Death is funny. Sometimes. When the context is right.
Mel Brooks probably said it best. Comedy is like falling through an open manhole and dying, he said, while tragedy is its categorical opposite: death by a paper cut.
Shon Dale-Jones knows the difference. That’s why he laughs when Story of a Rabbit, his one-man play to be performed at the Spoleto Festival, is compared to As I Lay Dying.
William Faulkner published that morose, modernist, and stream-of-consciousness novel in 1930. In it, a character named Vardaman, the youngest of five impoverished Southern children, catches a big fish after witnessing his mother’s dying breath.
But Vardaman gets a little confused. You see, he’s not too bright. Kinda slow. He puts the fish in a box. His mother is in a box. One of them — fish or Mom, he can’t remember quite right — stopped breathing. So he thinks some air holes might help.
He drills a few. Into the coffin lid. You can imagine where the drill bit goes.
Vardaman’s two addled minds collide, culminating in one of the shortest, most surreal, and tragic chapters in American literary history.
“My mother is a fish,” Faulkner wrote.
Something similar happens in Rabbit.
Dale-Jones, as his alter ego Hugh Hughes, recounts the time he found a dead rabbit in the garden on the morning Dale-Jones’ real father died.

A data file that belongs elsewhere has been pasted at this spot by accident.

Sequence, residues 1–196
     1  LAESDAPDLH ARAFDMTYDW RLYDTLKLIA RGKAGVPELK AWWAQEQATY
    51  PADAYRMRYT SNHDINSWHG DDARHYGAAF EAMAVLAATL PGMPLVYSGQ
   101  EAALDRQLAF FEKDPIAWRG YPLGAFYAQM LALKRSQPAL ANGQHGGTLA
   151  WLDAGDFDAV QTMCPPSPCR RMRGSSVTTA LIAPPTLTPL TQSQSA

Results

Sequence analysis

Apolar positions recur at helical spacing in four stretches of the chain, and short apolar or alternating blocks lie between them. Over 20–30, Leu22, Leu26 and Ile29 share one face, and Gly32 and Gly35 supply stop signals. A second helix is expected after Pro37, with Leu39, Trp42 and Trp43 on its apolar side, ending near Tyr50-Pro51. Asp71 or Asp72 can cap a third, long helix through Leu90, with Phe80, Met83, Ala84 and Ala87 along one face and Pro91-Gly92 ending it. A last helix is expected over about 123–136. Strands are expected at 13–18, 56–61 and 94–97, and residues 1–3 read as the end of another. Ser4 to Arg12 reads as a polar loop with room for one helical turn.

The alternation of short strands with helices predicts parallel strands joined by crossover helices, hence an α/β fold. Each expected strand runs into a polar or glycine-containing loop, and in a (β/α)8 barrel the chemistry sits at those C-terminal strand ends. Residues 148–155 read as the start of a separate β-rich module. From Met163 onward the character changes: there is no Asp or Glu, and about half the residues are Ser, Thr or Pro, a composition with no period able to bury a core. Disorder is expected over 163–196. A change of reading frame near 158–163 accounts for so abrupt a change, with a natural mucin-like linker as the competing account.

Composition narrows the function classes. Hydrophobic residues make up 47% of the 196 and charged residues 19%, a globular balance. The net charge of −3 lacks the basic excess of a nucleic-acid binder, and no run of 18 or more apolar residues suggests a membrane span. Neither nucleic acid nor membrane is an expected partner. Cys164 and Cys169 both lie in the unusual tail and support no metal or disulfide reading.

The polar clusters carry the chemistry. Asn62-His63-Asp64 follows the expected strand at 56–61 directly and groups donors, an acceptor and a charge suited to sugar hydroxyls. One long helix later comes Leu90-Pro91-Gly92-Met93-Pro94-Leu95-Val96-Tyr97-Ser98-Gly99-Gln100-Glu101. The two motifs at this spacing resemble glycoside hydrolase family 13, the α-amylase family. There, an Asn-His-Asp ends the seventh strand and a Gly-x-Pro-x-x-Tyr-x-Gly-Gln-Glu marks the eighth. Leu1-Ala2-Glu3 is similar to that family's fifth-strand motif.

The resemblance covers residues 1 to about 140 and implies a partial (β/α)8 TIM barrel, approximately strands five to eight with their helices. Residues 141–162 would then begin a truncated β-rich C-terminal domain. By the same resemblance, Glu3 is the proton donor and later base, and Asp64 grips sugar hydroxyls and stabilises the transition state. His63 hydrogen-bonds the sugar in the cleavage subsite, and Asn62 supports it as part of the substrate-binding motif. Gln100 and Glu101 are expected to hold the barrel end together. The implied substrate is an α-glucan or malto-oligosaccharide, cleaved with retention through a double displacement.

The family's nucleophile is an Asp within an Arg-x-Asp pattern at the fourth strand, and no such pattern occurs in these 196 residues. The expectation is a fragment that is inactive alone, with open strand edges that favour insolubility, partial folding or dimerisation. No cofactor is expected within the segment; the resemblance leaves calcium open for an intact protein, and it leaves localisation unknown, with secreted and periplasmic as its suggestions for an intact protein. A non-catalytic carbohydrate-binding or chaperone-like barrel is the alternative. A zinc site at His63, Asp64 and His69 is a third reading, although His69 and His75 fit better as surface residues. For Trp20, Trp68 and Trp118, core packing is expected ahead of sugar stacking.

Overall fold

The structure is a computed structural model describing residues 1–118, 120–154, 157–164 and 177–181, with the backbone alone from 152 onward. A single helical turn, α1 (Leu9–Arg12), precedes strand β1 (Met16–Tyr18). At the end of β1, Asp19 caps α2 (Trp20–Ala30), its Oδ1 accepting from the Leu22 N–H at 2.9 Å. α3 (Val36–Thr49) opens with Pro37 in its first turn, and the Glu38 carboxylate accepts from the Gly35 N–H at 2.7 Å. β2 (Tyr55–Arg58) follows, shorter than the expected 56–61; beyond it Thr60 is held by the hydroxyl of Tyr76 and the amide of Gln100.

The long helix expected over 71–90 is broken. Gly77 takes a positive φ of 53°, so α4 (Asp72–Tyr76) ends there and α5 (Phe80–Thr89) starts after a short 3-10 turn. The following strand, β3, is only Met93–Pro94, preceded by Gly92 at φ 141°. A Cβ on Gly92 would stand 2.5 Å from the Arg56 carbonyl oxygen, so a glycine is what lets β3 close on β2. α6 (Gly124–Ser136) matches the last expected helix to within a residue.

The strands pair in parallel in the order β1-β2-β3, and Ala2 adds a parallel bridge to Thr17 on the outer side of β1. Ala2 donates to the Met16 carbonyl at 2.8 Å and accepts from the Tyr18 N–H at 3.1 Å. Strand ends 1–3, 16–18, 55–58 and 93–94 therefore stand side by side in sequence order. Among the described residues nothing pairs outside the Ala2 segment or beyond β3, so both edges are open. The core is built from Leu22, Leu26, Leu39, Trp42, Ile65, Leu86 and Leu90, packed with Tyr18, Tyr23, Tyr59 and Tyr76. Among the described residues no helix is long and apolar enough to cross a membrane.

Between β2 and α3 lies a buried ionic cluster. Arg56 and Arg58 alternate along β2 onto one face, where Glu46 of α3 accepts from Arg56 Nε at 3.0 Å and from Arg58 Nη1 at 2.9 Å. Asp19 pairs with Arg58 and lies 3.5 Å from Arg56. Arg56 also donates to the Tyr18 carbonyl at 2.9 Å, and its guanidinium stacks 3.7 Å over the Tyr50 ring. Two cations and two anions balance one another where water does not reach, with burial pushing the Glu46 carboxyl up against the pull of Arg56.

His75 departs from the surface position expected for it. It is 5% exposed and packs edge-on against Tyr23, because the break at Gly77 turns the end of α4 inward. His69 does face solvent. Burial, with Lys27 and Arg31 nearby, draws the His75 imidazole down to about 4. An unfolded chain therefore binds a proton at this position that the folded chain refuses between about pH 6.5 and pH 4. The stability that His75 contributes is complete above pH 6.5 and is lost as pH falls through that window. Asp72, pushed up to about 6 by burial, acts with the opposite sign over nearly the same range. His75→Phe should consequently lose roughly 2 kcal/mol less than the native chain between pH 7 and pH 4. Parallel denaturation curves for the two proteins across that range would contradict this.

“I actually did find my pet rabbit dead in the garden,” Dale-Jones says from the United Kingdom. “It had rigor mortis.
“Fortunately, my father didn’t.”
Story of a Rabbit is a charming and sentimental mixed-media comedy of life told from the perspective of death. In the story, Hughes’ father dies a spectacularly theatrical death: as a high-flying acrobat attempting a stunt never before attempted.
As he expounds on memories of his pet, grainy video alights a screen behind him of scenes from real-life childhood. The images are on old Super 8 film. The effect is of a nostalgic metaphor of grief. The bunny turns out to be a stand-in for dear old Dad.
“But the use of media is very self-conscious, so that a great deal of comedy comes out of it,” the actor says. “It’s light-hearted and comic, almost homespun in tone.”
Dale-Jones was born in Wales on the island of Anglesey. He studied acting in Paris, where he met his wife, Stefanie Müller. Together, they founded Hoipolloi Theatre.
The couple’s first acclaimed show was Floating, a surreal comedy about Anglesey breaking off from the mainland and drifting off to sea. It was based on an April Fool’s newspaper article Dale-Jones mistakenly believed as a child. Then came Story of a Rabbit. Critics hailed them in 2007 at Edinburgh’s much-ballyhooed Fringe Festival.
Dale-Jones has dabbled in stand-up. Making people laugh is a priority. But so were stories, the telling of personal stories. And to do that, he needed some distance. Much of his life, such as his dad’s untimely death, was just too painful to take straight on.
The solution? An alter-ego by the name of Hugh Hughes.
“He came from a desire to make people laugh and from a desire to reassess how we tell stories,” Dale-Jones says. “He took on a life of his own. His world is very broad and started taking on themes and other characters. Soon enough, we were talking about my dad and a dead rabbit.
“Eventually, the two narratives collide.”
Yeah, just like Faulkner’s poor Vardaman.
Fortunately for us, there’s no drilling involved.
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T. Ballard Lesemann